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Diamond industry analyst Chaim Even-Zohar proposes the Indian government implement a months-long moratorium on rough diamond imports to clear inventory and stabilise prices.
Diamond industry analyst Chaim Even-Zohar proposes the Indian government implement a months-long moratorium on rough diamond imports to clear inventory and stabilise prices.

India's rough choice: An import moratorium?

The diamond industry’s supply problems have been compounded by the coronavirus crisis. CHAIM EVEN-ZOHAR offers a solution to balance prices, regain trust and stabilise supplies.

Stuart Brown, the former joint managing director of De Beers and current CEO of Canadian mining company Mountain Province Diamonds, made an amazing statement in a recent Financial Times article, stating the very obvious: “We need India to open up. Until the manufacturing opens up there, there will be no demand for rough diamonds.”

It seems as if miners have suddenly realised that they need India far more than India needs them. Mines are deeply indebted. Dominion Mining, which also owns parts of Canada's Diavik and Ekati mines, has seen its Fitch credit rating reduced to Triple C, which is a junk bond status.

South Africa's Petra Diamonds has scaled down operations for a mandatory lockdown aimed at containing the spread of the coronavirus pandemic. It too is deeply indebted.

"It seems as if miners have suddenly realised that they need India far more than India needs them"

That list could be expanded – but that's not the purpose of this article. Let it suffice to note that coronavirus has caused some mines to be put on care and maintenance, many are overly leveraged, and a few producers may even face bankruptcy unless India opens up quickly.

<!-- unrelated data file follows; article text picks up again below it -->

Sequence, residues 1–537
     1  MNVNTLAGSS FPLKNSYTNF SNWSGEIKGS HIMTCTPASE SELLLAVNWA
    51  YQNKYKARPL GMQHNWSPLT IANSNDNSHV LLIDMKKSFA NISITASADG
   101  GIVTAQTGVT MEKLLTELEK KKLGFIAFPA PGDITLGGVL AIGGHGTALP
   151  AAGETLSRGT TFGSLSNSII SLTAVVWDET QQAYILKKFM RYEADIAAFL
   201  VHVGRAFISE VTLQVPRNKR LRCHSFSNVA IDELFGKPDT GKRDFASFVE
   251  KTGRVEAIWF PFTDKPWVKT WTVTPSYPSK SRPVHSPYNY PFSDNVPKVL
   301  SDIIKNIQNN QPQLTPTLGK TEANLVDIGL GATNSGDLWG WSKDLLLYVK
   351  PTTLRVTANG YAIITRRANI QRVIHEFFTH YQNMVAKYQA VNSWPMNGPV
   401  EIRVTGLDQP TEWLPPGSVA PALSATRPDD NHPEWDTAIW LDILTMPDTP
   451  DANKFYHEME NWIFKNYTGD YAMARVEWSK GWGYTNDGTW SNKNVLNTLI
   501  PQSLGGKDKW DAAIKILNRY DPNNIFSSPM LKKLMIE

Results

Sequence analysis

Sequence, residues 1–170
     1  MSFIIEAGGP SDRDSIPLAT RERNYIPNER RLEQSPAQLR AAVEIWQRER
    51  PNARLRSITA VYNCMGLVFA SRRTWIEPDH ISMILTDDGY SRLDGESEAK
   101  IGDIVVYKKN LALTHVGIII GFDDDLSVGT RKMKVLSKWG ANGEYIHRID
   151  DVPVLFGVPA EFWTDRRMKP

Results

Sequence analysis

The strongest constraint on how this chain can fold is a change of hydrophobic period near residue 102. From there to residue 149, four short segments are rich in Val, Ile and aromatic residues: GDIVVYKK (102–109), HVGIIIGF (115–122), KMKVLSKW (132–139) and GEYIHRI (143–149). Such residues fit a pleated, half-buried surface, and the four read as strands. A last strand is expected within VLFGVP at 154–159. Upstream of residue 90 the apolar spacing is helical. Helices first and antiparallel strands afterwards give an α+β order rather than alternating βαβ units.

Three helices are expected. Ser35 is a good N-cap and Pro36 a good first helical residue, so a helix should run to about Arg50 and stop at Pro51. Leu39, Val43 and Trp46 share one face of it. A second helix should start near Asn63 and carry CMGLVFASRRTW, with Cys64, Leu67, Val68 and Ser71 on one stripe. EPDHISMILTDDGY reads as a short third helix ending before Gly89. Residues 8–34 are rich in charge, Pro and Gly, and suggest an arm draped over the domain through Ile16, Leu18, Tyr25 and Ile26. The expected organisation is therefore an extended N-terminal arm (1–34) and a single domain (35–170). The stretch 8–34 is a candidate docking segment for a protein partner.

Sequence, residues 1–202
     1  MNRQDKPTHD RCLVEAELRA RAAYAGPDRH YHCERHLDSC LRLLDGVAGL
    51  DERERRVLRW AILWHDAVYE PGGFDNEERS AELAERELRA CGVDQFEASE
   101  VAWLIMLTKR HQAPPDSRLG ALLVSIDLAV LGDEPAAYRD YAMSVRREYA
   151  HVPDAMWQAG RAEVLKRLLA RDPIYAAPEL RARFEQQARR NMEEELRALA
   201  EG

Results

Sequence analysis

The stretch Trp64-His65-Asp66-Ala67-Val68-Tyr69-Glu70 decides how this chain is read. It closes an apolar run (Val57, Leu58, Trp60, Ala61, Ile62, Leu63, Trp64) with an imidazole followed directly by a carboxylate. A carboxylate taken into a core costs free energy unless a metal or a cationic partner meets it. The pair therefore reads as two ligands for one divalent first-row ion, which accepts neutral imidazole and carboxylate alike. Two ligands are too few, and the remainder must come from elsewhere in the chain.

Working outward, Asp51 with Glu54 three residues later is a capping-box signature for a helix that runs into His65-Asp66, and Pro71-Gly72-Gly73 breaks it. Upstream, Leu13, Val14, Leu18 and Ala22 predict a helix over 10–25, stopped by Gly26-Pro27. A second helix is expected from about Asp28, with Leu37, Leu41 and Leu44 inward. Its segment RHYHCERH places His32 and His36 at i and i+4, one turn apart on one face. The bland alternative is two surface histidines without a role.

And if it doesn't? Then producers may literally choke on their diamonds.

Speaking of choking, looking at the total diamond pipeline, still the most uncomfortable place to be is in the mid-stream. India alone has somewhere between $US1.5-2 billion worth of rough diamond inventories. Add to this some $US5 billion polished, and you are getting the picture.

To say that bank debt can be settled out of future earnings is to believe in fairy-tales – unless, of course, India uses this moment to seize the initiative and become the game changer everyone has been waiting for.

The government of India can assist the industry in a tremendous manner if, after the lockdown has been rescinded, it simply puts a moratorium on rough diamond imports.

Whether the moratorium would be for two, three or four months is something it could discuss with the industry. It certainly depends on how long it takes for the diamond market not just to stabilise, but also to pick up.

The Indian banks have literally given up on the diamond sector. They shy away from diamond financing with the same resolve as we run away from the coronavirus! If sightholders remain addicted, with a monthly rush to De Beers, Alrosa and other producers, falling over each other to get rough, they will ruin any prospects for India to clear up its inventories.

Major diamond producing countries such as Botswana, Russia, Canada and others, are now facing a typical Saudi Arabian oil dilemma: either reduce or stockpile output or risk a freefall of prices.

True, there will always be some huge Indian companies that will happily accept diamonds at a 30-50 per cent discount, provided they can find the cash. But today there are fewer bona fide tycoons that can play this game. The unscrupulous players have by now largely eliminated themselves – probably much to the regret of some producers.

"The government of India can assist the industry in a tremendous manner if, after the lockdown has been rescinded, it simply puts a moratorium on rough diamond imports"